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Easy marzipan recipe and a few icing tips

Marzipan icing on a cake

Marzipan icing on a cake

I love marzipan. The homemade kind is the most delicious and it’s a cinch to make. My mum used to announce that she’d made it with such a sonorous trumpeting that, for years, I imagined it was a complex procedure.

I made it in a matter of minutes and rang her just in case I’d got something wrong. She was a bit crouchy that her secret was finally revealed. Her marzipan recipe is below.

Some people prefer cooked marzipan. This is a much more complex process and is covered here on the Delia online website:,890,RC.html

The other fact that my mother hadn’t mentioned was how tricky it can be to ice the cake. The first time that I iced a Christmas cake I’d left it rather late in the day, mixed up some icing and poured it onto the cake. It looked wonderful. I pottered off to put up some decorations. When I returned a few minutes later, the cake was sitting on the plate, marooned in a sea of icing and covered with the thinnest layer of icing that I’d ever seen. You can get around this problem by using royal icing. Delia has a good recipe for this,1040,RC.html

I prefer my icing to be soft and thick, not the teeth snapping stuff that can probably be obtained free from out of work dentists. When I found that I had a cake with a whisper of icing, I rang my mum again. She explained that the icing sugar mix has to be fairly stiff when applied. She just used icing sugar and water and so do I. If your mixture is a bit thin add more icing sugar before applying. If you find that it is too thin after applying it to the cake, keep on reapplying the icing with a knife, it will gradually dry out and thicken.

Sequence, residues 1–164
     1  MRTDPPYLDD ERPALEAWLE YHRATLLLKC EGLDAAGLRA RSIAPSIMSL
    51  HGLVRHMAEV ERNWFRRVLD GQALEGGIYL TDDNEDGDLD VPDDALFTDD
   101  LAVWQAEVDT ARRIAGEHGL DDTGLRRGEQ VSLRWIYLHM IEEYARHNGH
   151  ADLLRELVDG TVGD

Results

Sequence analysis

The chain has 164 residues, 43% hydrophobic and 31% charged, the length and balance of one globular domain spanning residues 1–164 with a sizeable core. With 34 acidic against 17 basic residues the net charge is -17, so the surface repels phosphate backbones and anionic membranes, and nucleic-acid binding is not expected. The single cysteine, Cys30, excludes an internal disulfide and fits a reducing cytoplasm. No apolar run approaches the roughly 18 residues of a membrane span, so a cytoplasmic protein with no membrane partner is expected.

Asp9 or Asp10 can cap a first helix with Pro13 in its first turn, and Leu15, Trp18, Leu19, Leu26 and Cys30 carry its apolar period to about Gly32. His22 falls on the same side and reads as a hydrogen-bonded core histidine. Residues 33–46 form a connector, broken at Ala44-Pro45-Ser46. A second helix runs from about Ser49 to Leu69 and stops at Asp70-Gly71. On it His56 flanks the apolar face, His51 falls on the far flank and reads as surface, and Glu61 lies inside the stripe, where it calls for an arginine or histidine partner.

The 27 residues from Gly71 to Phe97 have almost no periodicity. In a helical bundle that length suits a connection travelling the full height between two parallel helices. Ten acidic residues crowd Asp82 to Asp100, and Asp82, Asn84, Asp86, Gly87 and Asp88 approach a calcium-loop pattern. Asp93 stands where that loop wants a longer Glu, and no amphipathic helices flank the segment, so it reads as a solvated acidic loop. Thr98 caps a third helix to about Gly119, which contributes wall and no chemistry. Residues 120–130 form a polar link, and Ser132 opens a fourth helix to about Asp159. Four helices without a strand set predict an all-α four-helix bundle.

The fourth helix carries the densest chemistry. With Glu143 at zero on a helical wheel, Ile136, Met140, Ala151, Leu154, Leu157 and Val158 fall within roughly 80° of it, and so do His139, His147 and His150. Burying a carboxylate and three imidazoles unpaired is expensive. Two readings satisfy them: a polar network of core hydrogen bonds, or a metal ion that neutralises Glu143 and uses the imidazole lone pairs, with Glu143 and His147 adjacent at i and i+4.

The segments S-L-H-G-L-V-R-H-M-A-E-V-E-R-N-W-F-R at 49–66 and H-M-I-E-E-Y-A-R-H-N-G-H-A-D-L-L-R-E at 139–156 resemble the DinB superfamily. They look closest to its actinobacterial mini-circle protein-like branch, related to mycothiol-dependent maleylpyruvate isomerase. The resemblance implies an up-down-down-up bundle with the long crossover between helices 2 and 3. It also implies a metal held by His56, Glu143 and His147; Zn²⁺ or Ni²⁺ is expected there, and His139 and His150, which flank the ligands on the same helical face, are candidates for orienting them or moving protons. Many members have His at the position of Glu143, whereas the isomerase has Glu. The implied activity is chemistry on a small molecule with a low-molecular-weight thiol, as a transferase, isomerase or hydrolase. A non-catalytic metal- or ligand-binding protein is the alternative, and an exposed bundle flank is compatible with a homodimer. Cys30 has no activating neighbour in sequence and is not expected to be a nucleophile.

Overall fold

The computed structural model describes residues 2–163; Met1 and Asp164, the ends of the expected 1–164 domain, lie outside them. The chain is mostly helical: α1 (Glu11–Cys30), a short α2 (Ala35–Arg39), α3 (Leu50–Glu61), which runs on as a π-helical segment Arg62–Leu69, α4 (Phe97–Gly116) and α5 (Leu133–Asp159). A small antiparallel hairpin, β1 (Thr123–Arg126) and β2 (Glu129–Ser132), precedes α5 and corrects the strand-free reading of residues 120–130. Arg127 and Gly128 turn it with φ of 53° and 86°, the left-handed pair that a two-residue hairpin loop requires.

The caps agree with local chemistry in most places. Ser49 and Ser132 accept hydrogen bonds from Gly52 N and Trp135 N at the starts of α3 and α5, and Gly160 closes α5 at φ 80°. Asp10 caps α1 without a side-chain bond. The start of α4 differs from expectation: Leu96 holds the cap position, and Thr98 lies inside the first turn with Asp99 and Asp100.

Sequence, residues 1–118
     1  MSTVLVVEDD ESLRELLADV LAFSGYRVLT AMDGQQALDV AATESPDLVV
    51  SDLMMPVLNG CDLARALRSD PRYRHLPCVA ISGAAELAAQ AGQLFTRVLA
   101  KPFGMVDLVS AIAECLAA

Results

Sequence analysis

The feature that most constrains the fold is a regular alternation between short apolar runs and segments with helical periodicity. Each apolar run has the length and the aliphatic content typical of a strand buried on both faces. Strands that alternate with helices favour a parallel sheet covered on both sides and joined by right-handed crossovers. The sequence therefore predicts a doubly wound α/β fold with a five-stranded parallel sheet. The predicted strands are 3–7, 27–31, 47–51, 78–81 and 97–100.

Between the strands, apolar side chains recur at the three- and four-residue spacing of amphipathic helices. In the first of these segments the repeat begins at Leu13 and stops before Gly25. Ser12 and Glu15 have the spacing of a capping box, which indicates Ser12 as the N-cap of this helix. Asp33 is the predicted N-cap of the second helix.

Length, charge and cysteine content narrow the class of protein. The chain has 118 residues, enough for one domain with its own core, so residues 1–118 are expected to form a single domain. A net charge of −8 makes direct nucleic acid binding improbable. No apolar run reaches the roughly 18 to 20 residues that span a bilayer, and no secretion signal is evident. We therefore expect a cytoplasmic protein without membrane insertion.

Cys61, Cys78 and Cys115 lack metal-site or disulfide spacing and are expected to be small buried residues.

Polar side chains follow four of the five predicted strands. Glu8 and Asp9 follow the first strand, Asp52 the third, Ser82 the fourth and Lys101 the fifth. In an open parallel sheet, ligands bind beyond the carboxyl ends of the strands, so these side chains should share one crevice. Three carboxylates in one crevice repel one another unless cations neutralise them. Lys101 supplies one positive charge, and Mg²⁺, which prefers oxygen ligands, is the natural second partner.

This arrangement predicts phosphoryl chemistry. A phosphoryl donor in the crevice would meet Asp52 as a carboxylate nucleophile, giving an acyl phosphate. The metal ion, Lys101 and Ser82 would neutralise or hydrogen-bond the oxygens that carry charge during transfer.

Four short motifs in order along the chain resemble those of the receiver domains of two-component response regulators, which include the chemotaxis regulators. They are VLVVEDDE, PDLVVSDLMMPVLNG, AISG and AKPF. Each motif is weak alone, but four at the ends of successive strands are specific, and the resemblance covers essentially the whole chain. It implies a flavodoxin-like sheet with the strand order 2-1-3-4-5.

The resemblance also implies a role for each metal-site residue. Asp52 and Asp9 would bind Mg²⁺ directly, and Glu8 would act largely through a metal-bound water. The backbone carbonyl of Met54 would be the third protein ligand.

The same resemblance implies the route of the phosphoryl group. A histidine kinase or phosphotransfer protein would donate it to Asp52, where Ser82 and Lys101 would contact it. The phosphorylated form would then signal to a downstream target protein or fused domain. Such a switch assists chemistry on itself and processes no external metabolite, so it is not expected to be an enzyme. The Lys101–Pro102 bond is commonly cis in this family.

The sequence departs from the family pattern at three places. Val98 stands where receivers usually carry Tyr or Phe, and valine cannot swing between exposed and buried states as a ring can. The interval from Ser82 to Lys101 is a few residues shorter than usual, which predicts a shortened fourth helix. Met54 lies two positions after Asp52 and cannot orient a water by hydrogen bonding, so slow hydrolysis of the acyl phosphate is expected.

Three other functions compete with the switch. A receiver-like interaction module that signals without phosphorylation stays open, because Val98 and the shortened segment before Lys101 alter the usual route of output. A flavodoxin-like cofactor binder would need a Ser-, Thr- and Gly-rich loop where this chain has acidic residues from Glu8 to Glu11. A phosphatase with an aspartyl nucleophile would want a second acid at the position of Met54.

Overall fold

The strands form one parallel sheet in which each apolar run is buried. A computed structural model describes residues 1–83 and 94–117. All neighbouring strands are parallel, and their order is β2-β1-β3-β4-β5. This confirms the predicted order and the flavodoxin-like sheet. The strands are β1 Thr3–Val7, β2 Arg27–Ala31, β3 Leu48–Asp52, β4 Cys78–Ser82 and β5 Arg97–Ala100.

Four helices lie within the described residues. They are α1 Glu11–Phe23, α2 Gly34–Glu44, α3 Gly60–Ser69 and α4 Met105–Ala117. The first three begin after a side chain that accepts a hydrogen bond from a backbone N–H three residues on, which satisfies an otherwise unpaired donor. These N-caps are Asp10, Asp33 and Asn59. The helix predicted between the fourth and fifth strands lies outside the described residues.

Best marzipan recipe (uncooked)
Recipe Type: Icing
Author: Fiona Nevile
If you marzipan and ice your cake immediately you may get bleed through from the almond oil in the icing. To avoid this, I try and marzipan a minimum of two days before icing. Then I leave the cake for a day in a warm spot overnight and put it in the larder until Christmas Eve, in a tin. It’s iced when the King’s College Carol Service is trilling on the TV.
  • Apricot jam/apple jelly (for glaze)
  • 400g ground almonds
  • 240g caster sugar
  • 240g icing sugar
  • 2 medium egg yolks
  • 2 medium eggs
  • 1 desertspoon of lemon juice
  • 6 drops vanilla essence
  • 4 drops almond essence
  • 1 dessertspoon of brandy/ Irish whiskey
  1. Heat your jam or jelly gently until just simmering and remove from heat. Using a pastry brush, apply to the cake’s surface (top and sides).
  2. In a large bowl, sift the caster and icing sugar (this is worth doing as both can be lumpy and it takes seconds to sift). Add the ground almonds and stir well.
  3. Beat the eggs, add them to the mixture and add the lemon juice, vanilla, almond essence and brandy.
  4. Mix well, with a light touch.
  5. Sprinkle a board liberally with icing sugar and knead mixture briefly until smooth.
  6. Measure the diameter and the height of the cake with a piece of string. Rollout with a rolling pin to the correct size and apply to the cake. Smooth out the marzipan and finish with a hot knife if very bobbly.
  7. If you prefer you can cover the top and then the sides as follows. Roll out the marzipan. Place cake topside up on the marzipan and cut to the correct diameter. Set this aside. Reform the marzipan and roll out a long thin strip the height of your cake. Apply the marzipan to the sides of the cake before you lift on the top. Smooth the joints and set your cake in a warm spot to dry the marzipan coating before icing.


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  1. Veronica, thanks for your input. I have made a half quantity of Jane Grigson’s recipe and it nicely covers the top of my cake ( I used a 8″ square tin and it cooked in the 2.30hrs) which is what I wanted.
    Still got a few days for it to dry then I will ice just the top also.

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